[1] Robin Pogrebin “Jewelry Show at the Met Raises Questions” The New York Times December, 23, 2013.


[2] Robert Smith, “All that Glitters: And a Lot that Shines” The New York Times December 27, 2013.


[3] Andrea Fraser “There’s No Place Like Home/ L’1% C’est Moi Whitney Biennial 2012 (New York: The Whitney Museum of American Art), 33-42.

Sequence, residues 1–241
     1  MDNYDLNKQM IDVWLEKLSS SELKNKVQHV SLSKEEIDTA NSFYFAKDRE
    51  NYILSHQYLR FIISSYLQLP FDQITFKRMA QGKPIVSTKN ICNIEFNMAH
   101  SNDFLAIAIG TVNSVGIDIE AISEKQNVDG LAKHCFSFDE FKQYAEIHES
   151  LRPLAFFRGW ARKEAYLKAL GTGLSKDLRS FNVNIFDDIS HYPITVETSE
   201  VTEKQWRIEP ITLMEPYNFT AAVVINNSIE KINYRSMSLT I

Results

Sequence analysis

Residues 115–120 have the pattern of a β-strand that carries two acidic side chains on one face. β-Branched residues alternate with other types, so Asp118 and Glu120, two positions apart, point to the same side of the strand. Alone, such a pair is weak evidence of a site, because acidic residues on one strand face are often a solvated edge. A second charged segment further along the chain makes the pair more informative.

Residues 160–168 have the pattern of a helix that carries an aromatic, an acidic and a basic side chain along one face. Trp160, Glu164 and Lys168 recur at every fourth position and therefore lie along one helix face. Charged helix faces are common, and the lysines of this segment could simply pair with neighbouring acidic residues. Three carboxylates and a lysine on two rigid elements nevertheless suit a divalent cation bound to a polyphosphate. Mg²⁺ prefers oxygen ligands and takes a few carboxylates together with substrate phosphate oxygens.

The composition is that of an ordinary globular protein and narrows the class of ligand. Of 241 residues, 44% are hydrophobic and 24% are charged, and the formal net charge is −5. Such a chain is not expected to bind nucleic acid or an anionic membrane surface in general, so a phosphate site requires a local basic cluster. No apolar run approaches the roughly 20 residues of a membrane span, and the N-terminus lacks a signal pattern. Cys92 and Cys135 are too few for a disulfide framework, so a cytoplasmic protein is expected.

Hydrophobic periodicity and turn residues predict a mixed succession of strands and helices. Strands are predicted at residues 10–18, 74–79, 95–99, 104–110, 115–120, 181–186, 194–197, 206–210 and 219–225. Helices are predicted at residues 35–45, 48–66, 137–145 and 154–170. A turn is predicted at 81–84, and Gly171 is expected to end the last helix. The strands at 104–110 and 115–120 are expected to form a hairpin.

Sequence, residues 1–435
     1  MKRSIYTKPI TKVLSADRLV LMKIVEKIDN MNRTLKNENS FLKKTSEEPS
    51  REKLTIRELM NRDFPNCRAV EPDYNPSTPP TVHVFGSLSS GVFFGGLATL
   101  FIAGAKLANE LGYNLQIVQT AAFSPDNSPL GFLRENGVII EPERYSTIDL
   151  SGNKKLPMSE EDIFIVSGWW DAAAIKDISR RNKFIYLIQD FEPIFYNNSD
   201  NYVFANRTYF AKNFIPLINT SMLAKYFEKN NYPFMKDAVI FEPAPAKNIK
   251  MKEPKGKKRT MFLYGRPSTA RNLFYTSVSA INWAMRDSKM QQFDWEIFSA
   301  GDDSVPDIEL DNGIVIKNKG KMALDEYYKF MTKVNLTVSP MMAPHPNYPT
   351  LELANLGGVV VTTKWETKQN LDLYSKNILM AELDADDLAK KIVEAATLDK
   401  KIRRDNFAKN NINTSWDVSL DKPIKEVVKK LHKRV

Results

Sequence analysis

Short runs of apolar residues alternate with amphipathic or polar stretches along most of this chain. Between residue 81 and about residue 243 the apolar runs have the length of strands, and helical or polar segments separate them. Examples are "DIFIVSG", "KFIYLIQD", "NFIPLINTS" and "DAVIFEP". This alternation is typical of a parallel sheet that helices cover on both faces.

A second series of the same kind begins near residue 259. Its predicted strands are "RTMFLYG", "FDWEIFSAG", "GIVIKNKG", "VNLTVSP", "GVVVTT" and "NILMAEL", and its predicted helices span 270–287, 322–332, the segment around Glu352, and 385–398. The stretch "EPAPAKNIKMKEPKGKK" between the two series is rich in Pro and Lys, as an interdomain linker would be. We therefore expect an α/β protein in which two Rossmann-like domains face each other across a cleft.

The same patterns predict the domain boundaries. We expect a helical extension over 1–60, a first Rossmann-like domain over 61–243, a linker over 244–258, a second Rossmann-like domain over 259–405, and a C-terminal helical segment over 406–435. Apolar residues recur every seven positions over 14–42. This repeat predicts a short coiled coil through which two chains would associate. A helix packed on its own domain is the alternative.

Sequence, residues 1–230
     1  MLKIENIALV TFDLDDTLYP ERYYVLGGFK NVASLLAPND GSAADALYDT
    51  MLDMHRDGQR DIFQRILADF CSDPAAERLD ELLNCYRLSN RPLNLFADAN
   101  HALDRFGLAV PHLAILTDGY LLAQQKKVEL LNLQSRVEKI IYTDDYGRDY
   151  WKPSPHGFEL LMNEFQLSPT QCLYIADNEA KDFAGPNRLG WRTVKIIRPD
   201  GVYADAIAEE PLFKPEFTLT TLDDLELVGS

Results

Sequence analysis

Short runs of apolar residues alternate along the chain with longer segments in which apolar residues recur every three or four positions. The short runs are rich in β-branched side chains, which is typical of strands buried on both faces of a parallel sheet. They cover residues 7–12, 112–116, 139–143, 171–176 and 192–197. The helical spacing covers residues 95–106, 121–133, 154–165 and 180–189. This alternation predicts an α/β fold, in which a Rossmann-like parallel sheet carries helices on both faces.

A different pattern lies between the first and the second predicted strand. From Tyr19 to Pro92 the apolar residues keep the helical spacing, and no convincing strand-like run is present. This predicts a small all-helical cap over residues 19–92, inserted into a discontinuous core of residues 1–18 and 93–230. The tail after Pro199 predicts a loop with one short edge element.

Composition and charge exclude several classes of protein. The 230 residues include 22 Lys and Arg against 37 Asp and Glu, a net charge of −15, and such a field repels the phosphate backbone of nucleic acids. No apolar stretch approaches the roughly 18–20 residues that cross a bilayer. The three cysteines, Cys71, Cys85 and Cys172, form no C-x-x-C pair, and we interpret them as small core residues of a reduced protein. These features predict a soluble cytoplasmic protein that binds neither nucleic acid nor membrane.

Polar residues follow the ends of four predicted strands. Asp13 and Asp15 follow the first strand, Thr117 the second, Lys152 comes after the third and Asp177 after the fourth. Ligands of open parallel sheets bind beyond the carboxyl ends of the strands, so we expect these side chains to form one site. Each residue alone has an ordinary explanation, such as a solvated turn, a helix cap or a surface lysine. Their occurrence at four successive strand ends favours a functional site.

[4] In October 2013 the Bloomberg mayoral administration added an amendment to the museum’s lease with the city allowing for the introduction of additional charges to the “pay what you wish” admission for special exhibitions. Museum spokesman Harold Holzer denied any plans by the Met to institute extra fees for access to special exhibitions, it remains to be discovered it doing so is part of the museum’s long-term feasibility plan.